What kind of pads do you have? My truck came with semi-metallics and I replaced them with the same, but a lot of cars come with cheap organic pads that don't last very long.

Comment Re:I've never found it quick or easy to buy any ca (Score 1) 447

It took me nearly screaming at him to tear everything up before he would give in inch. Still pissed at myself for giving in to the "mandatory" processing fee and agreeing to 19.2K.

No need to scream. Just say, "the agreement was 19K out the door. Not a penny more.", and walk the moment they refuse to honor that. For bonus points (and because I'm a horrible human being), tell the closer that it makes you smile thinking about him explaining to the sales manager how he let you get away that late in the deal.

Comment Re:Someday electric cars may be the norm (Score 1) 447

The one thing limiting the transition to plug in electric cars is the infrastructure of charging stations or battery exchange locations allowing long distance travel.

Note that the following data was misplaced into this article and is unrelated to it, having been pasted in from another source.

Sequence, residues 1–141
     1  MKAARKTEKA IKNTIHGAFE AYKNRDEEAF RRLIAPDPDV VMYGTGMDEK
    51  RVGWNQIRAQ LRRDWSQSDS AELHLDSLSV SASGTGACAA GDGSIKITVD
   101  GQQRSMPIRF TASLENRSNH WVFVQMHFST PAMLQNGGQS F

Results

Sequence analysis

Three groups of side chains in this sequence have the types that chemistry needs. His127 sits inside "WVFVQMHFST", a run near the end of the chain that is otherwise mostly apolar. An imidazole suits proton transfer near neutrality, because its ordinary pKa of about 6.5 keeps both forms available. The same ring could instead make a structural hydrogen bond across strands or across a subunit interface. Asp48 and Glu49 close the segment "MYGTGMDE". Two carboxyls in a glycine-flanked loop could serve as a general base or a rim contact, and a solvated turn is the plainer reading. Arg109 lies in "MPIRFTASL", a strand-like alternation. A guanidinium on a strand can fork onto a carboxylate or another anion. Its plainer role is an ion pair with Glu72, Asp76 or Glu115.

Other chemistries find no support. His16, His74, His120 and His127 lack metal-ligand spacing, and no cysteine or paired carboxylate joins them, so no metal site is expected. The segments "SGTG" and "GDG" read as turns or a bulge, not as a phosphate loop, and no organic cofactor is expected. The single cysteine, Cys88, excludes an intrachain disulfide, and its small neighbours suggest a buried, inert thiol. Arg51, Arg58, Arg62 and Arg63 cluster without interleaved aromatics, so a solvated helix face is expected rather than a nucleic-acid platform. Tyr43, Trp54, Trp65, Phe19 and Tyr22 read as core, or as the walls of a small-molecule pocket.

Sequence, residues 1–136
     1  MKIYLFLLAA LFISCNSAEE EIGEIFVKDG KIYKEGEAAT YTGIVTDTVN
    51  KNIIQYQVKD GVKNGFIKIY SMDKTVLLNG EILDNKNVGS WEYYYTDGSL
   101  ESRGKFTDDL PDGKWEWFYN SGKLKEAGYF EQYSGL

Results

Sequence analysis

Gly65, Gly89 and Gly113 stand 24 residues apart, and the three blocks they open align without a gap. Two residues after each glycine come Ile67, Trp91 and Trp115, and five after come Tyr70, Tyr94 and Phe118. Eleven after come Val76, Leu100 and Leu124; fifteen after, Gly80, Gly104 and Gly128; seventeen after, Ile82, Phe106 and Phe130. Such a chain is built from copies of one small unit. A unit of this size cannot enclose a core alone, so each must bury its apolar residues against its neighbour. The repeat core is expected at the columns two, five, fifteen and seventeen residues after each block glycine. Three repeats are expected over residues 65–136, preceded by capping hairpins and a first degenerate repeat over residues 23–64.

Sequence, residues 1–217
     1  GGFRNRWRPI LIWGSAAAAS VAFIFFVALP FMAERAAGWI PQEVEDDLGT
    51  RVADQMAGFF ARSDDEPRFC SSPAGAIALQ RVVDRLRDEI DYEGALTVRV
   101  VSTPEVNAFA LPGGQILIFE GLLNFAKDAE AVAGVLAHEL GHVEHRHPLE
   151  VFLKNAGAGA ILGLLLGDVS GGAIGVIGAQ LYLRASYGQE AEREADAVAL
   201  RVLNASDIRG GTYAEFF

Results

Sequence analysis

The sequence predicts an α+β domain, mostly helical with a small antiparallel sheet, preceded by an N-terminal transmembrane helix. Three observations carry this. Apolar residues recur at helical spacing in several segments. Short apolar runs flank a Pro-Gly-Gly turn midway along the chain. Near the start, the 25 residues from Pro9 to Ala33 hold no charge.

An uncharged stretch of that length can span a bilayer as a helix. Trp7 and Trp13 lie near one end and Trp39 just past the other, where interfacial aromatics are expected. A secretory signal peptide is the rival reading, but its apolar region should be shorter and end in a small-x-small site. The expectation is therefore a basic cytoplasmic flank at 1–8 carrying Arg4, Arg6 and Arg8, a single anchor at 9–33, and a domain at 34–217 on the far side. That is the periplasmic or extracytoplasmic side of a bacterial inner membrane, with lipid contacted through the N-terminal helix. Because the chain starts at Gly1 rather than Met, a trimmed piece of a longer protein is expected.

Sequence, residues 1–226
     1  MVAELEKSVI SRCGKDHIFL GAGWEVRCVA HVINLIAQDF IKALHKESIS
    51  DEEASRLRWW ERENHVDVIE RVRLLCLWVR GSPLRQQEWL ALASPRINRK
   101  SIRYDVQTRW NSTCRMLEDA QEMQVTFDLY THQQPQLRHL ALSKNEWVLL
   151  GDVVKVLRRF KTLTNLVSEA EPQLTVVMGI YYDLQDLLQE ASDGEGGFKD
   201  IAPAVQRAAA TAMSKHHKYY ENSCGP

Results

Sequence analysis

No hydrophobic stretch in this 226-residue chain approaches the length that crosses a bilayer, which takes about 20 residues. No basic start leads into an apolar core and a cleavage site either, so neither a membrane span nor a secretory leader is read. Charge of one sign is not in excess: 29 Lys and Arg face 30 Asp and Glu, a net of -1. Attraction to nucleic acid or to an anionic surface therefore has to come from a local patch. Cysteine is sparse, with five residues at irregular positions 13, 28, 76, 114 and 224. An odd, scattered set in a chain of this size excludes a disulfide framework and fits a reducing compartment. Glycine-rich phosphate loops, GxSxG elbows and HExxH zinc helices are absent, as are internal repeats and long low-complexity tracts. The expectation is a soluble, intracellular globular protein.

And charging time. Unless you've got a Tesla, you're going to be waiting a few hours to recharge your car. Even if you *do* have a Tesla, it's still far longer to charge than it is to fill up a gas tank.

Comment Re:Better Question (Score 1) 447

These companies don't publish sales numbers but I'm willing to bet he's taken at least 1/4 of their business by how quickly they are trying to respond to a market they all said was pointless two years ago

Yes, the companies do publish sales numbers. You just have to know where to look.

According to Elon Musk, Tesla sold a little over 33,000 cars by the end of Q3 this year. Cadillac sells more than that in less than two months. Lexus and Mercedes are at 249,956 and 249,890 respectively for the year through Q3.

1/4 of their business? Hardly.

"I've seen the forgeries I've sent out." -- John F. Haugh II (jfh@rpp386.Dallas.TX.US), about forging net news articles